Located on the YSU campus, the Ward-Beecher Planetarium is one of Youngstown’s lesser-known but very interesting places for quality entertainment. The 145 seat venue uses a $490K Chronos star projector on its 40-foot diameter dome to offer free public programs of the cosmic variety nearly every weekend (and has for over 40 years). Evening programs are geared for general audiences while Saturday afternoons are normally intended for families and children. However, sometimes they mix things up (check out this rock n’ roll lazer show). Whether you’re 8 or 80, you’ll enjoy the planetarium. And you’re likely to learn something in the process.
That’s right. Youngstown has its own symphony orchestra (since 1925) and it’s pretty awesome. Perhaps the only thing more awesome than the orchestra, itself, is the venue in which it plays. Edward J. Powers Auditorium was built in 1931 by Warner brothers (yes, the Warner brothers) Harry, Jack and Albert in memory of their brother Sam. Originally named the Warner Theater, it served as cinema house – one of many that the Warner Brothers Film Company would open nationwide in the years to come. Decades later and with millions invested in restoration, the theater remains an incredible remnant of the golden age of cinema. It’s easily one of the finest in all of the Midwest. Symphony performances run from October through May. Make dinner reservations downtown, go see a show and experience some big city culture in smaller city Youngstown.
Iron and steel played such a significant role in the evolution of Youngstown that the city actually has an entire museum dedicated to the life and times of this era. Located on W. Wood Street in downtown and designed by renowned architect Michael Graves, the ‘Steel Museum’ is an impressive, three-story exhibit/archive/library which one really must visit to appreciate. By the time you are done with a tour, you’ll have a very good understanding (and appreciation) for the blood, sweat and steel that went into making Youngstown one of the great industrial regions of the 20th century. The facility also has a large community room in which lectures and programs are held regularly throughout the year. Follow the museum on Facebook here to stay updated. Bonus: head to the east side to check the Tod Engine Heritage Park in June or September for one of their biannual tours. A very interesting and impressive project.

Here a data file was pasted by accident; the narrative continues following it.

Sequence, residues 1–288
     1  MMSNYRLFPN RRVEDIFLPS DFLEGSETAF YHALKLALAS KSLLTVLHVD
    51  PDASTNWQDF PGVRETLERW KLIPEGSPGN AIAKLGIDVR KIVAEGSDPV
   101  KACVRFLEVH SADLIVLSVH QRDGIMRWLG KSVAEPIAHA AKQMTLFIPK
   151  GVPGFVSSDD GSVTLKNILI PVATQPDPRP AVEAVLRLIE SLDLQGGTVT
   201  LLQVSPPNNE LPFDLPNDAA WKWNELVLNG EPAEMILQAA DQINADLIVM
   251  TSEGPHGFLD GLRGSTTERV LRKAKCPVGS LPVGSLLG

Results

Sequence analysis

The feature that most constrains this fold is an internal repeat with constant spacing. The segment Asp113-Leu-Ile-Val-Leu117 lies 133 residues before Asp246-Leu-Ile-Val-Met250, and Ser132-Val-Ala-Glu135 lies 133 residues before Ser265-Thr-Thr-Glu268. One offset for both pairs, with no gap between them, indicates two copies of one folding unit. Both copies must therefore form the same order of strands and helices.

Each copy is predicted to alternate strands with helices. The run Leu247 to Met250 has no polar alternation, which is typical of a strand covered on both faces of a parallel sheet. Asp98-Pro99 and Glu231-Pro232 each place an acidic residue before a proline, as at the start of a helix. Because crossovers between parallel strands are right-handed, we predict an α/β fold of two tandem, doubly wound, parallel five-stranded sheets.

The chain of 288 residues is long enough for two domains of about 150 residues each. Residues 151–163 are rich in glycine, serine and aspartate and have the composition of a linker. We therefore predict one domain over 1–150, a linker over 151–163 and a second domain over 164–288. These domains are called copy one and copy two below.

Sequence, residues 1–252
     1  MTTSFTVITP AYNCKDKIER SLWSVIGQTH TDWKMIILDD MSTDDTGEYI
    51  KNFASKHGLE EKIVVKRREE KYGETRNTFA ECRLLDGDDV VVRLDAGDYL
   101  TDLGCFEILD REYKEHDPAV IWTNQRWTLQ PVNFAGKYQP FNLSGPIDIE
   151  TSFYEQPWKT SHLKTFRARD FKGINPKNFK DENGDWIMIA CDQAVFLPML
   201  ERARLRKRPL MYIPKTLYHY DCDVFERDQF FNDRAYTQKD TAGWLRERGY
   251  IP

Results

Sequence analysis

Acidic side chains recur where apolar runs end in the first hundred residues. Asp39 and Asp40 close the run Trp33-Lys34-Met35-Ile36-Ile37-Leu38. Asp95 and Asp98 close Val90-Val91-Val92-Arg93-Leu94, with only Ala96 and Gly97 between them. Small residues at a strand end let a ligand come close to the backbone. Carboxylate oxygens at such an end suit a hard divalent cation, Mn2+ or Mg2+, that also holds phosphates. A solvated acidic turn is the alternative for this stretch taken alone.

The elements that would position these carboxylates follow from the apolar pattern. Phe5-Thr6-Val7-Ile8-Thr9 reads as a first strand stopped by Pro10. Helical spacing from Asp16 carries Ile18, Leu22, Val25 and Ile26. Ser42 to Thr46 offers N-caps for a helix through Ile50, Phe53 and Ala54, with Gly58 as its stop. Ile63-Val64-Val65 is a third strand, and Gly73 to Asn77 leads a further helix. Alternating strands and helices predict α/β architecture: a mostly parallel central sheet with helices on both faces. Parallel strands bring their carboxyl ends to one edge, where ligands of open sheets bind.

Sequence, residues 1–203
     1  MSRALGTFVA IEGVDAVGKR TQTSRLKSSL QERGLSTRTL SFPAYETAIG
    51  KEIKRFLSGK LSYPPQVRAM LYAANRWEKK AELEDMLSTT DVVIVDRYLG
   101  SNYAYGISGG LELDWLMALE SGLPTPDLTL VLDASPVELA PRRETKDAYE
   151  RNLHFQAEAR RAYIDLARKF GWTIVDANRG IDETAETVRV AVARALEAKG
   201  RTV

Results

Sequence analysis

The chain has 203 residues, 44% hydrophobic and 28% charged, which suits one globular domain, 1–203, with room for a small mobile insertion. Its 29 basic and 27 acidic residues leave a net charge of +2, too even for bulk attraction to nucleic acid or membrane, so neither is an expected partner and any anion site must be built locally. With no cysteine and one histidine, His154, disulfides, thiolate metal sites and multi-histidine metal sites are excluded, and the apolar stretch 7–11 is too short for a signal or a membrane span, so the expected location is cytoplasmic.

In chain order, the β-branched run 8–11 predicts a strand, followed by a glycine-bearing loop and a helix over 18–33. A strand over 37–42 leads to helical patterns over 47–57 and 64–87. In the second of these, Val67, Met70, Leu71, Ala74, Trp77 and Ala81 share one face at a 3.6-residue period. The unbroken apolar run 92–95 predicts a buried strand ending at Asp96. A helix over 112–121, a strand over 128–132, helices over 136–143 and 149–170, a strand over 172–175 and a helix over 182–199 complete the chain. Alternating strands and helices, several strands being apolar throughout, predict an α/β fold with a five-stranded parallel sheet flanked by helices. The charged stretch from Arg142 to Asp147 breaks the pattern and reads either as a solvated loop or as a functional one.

Established in 1919 by local industrialist and philanthropist Joseph G. Butler, ‘The Butler‘ was the first museum in the nation dedicated exclusively to American art. It’s known worldwide as ‘America’s Museum’ and is, without question, a crown jewel of the local area. The gallery features over 20,000 works of art spanning three centuries. In recent years, the museum has expanded significantly, adding a cafe, a digital art gallery and the acquisition of adjacent First Christian Church. Over 100,000 people visit the Butler each year. Be one of them and be amazed. Bonus recommendation: check out the annual Area Artists exhibition which features the best artists within a 40 mile radius.
Self-described as ‘Youngstown’s Second Greatest Wonder’ (it’s unclear what’s first…it might be the very question itself), Star Supply Bargain Outlet is a quirky closeout bargain warehouse located on Mahoning Ave just outside of downtown Youngstown. This ‘adventure in shopping’ at the ‘flea market without the fleas’ features a 25,000-square-foot array of items ranging from practical to super random. In one aisle, you may find stop lights, a box of hula dancer dashboard ornaments, and some discount paint. In another, it might be a deal on gas masks, some great bar stools and a case of industrial size bolts. Who knows? Every trip is a new adventure. In addition to the interesting selection, the store’s signage and general decor ranges from funny to the strikingly abstract. Here’s a video interview with owner Richard Rosenthal who explains what Star Supply is all about. Bonus recommendation: check out Greyland Gallery in downtown Youngstown for a random assortment of very interesting and cool vintage items! See the video below: